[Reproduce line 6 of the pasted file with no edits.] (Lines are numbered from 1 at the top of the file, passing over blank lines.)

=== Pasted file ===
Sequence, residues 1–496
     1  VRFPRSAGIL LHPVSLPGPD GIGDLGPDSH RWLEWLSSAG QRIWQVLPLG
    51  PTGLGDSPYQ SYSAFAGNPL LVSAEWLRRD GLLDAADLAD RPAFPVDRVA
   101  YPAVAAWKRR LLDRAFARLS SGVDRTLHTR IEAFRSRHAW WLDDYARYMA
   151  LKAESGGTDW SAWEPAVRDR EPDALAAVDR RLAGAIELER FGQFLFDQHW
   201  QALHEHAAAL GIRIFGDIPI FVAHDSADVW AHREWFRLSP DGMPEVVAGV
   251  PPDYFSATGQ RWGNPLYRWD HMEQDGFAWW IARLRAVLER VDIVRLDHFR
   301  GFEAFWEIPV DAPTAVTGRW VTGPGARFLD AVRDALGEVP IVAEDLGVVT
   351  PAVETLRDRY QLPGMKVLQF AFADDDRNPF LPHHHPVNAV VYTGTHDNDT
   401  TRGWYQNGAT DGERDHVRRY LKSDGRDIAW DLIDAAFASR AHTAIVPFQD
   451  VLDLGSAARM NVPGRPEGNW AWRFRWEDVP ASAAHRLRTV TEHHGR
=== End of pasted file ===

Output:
   201  QALHEHAAAL GIRIFGDIPI FVAHDSADVW AHREWFRLSP DGMPEVVAGV